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Vintage Grain Silo House in New Jersey

Grain silos are not what they used to be. Actually, the idea of turning them into houses is not new, but dating back from 1940s! When the world was at war, many visionaries imagine what would it be like to live in the place you deposit grains. Sure, back in the days there were useful because they could be used as bomb shelters. As advertised, the unit cost $1,250 and for that money you got included: a kerosene-powered icebox, stove and an adjustable roof ventilator for circulating air. It’s impressive how the principles are still used even today in silo homes! Check out the variety of designs people imagined more than half a century ago.

It was easy to build: first a temporary centre pole was placed, to which the roof was hoisted up. Underneath this roof the galvanised corrugated steel-plate outer walls were placed, because of their round shape forming a stable construction. On the inside, the walls were laminated with fibreglass insulation. The round windows were made of plastic, at that time only used in aircraft industry.
All utility spaces were pushed to the outer wall as much as possible to provide the maximum amount of space in the centre. Curtains could subdivide the interior in two bedrooms and a living space, and the main unit could be connected with a smaller one containing a larger bathroom or an extra bedroom.


A dozen of them survive at Camp Evans in New Jersey, a remarkable story of architectural preservation. Consider a visit to Camp Evans.

Source: Fuller Houses: R. Buckminster Fuller’s Dymaxion Dwellings and Other Domestic Adventures

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The Cutest WAFFLE MAKER – Car Waffle Maker

Love waffles? Why not take it to the next level with awesome cars and trucks! We’re all about inspiring creativity and re-imagining breakfast so you can start everyday with a smile. Find this Waffle Maker in the link below…

Find it HERE…

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Australia is Dropping Vegetables From Choppers to Feed Wildlife Starved by Fires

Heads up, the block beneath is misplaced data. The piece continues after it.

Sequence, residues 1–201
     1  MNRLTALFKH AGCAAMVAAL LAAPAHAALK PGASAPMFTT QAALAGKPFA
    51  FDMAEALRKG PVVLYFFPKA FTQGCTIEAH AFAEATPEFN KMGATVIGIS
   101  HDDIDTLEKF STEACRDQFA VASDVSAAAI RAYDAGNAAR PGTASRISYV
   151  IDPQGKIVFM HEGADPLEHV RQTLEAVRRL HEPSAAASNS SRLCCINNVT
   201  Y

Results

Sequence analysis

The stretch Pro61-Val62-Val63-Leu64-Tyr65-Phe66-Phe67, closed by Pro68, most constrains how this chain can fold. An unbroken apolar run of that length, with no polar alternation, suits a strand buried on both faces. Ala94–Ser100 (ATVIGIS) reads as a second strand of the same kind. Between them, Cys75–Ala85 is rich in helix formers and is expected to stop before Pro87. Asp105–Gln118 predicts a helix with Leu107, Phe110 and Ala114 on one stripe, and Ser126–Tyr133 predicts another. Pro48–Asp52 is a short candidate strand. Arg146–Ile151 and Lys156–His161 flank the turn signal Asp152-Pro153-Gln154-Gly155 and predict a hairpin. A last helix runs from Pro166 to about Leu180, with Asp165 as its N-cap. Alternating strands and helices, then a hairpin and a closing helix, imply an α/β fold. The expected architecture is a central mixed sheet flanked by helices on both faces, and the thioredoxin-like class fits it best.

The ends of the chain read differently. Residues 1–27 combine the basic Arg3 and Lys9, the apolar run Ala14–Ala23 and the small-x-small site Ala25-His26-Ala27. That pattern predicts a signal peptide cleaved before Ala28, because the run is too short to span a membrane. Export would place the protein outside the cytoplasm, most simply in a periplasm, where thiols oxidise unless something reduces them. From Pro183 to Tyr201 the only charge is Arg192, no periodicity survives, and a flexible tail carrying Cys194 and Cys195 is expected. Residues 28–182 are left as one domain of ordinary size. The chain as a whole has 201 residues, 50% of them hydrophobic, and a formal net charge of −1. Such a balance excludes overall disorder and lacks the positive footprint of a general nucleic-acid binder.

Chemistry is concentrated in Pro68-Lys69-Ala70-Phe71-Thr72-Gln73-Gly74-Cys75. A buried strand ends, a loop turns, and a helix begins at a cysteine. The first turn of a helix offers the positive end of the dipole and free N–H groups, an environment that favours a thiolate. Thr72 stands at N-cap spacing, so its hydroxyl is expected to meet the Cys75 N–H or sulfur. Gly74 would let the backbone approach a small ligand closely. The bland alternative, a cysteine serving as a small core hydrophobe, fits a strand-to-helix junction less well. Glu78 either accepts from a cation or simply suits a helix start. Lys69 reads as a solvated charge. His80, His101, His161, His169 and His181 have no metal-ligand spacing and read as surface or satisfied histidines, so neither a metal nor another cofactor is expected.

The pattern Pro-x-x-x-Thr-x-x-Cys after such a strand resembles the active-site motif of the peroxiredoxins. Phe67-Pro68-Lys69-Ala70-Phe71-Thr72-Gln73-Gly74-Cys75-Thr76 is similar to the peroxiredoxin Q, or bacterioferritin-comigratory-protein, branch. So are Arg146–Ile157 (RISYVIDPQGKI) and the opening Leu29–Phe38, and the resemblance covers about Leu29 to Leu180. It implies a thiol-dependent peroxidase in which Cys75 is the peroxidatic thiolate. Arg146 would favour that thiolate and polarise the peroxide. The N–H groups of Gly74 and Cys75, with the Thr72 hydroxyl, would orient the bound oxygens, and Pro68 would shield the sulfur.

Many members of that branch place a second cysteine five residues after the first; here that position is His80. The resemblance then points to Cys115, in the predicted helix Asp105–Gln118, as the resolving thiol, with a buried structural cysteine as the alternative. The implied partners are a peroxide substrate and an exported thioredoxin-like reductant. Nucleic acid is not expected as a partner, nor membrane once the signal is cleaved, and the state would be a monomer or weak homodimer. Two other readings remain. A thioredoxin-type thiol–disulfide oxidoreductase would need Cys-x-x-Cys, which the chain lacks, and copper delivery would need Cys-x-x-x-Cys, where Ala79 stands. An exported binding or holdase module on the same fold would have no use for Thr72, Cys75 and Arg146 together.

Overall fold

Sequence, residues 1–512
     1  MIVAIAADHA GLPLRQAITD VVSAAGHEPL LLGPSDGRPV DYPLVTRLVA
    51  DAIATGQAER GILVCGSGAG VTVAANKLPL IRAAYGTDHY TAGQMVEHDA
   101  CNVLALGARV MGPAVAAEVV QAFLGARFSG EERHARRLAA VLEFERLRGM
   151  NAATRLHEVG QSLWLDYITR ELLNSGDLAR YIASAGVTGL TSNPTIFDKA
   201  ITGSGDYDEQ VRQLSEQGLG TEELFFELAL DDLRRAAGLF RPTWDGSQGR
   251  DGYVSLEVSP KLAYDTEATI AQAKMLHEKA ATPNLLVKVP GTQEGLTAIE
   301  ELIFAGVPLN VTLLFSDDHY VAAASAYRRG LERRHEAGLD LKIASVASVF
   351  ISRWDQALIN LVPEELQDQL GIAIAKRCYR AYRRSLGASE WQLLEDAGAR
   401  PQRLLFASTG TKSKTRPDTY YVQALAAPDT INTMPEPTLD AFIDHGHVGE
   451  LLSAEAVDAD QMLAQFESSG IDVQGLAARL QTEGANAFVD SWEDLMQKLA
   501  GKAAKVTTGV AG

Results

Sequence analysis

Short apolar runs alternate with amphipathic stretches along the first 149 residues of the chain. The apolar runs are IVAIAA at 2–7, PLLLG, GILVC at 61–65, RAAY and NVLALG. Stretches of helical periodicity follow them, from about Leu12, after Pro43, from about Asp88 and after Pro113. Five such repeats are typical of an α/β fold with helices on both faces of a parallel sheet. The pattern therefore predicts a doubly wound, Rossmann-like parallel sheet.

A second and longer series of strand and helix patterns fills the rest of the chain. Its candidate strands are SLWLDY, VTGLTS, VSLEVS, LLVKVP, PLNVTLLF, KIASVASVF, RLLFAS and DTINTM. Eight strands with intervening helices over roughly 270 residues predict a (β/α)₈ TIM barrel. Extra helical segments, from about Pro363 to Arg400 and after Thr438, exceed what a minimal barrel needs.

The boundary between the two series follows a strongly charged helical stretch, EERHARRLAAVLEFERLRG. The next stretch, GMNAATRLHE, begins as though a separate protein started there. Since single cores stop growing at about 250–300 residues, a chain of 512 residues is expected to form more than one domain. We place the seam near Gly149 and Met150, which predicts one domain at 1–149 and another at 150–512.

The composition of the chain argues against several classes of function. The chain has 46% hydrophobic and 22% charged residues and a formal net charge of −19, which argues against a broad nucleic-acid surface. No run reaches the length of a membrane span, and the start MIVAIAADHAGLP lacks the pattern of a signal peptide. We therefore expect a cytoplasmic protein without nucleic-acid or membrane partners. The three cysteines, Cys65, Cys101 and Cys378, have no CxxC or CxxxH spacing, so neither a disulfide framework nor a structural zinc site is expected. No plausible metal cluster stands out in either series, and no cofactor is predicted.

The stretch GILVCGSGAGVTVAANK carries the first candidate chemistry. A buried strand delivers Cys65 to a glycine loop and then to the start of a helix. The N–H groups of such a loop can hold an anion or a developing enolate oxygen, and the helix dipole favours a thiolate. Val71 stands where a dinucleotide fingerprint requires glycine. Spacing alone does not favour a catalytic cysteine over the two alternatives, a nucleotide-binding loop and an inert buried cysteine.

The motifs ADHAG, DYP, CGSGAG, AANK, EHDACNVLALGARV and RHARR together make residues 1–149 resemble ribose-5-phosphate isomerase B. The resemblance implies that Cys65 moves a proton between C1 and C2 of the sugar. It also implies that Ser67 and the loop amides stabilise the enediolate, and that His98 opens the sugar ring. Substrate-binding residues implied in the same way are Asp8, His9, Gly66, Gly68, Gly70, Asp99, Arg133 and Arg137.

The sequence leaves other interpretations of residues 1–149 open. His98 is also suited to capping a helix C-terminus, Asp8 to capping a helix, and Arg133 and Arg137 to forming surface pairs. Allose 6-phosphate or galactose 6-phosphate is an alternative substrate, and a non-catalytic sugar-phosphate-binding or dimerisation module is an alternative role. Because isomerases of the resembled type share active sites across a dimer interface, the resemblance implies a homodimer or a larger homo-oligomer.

Australia has been going through some tough time with forest fires spreading all over the country and causing a severe loss of wildlife. In areas where the fire has stopped burning, the remaining animals are still struggling to find food and survive. Luckily, Australians have found an ingenious way to help animals in these hard times and started a rescue program that involves food dropped from helicopters.
Among the most affected are the wallabies and since they are left without their natural habitat, finding food is extremely hard for them. So, now the wallabies are showered with carrots and sweet potatoes that are being dropped from helicopters, this way staying safe and undisturbed. Of course, this is only a temporary solution but one that solves a major issue and ensures the survival of this species.
A lot of other animals are in danger of going extinct in Australia, so there is still a lot of work to do and everyone can get help by donating to organizations such as The World Wildlife Federation – Bushfire Emergency Fund, World Animal Protection, Animals Australia or WIRES Wildlife Rescue.

In New South Wales, thousands of kilograms of carrots and sweet potatoes are being dropped by planes and helicopters in fire-affected areas to help wildlife. (EPA-EFE/Shutterstock)

This Article Was Originally Posted on goodshomedesign.com Read The Original Article here

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Life Finds A Way: Pictures After The Australian Bushfires

Humans don’t appreciate nature to its fullest, and in many cases, the beauty offered by Earth is taken for granted. Pollution and climate change are major issues in our times, and they have severe repercussions, but nature somehow always finds a way to recover.
The same thing applies to Australia’s forests, the might survivors of months of terrible bush fires that left the country mourning. Experts suspect that the bush won’t fully recover to its previous state, but signs of animals returning have been more than promising.
Thanks to years of evolution and arid climate, many Australian plants have adapted to the climate and learned how to protect their buds in case of high temperatures or even fire. This means that they will start to sprout soon and can even find nutrients in ash.
Pictures of green trees and plants among the ashes are circulating the Internet and they are once again proof that life is cyclic, and nature can recover after experiencing a traumatic event.
Hopefully, soon there will be more and more pictures like these, filled with hope and wildlife will return too to the Australian bush.

This Article Was Originally Posted on goodshomedesign.com Read The Original Article here

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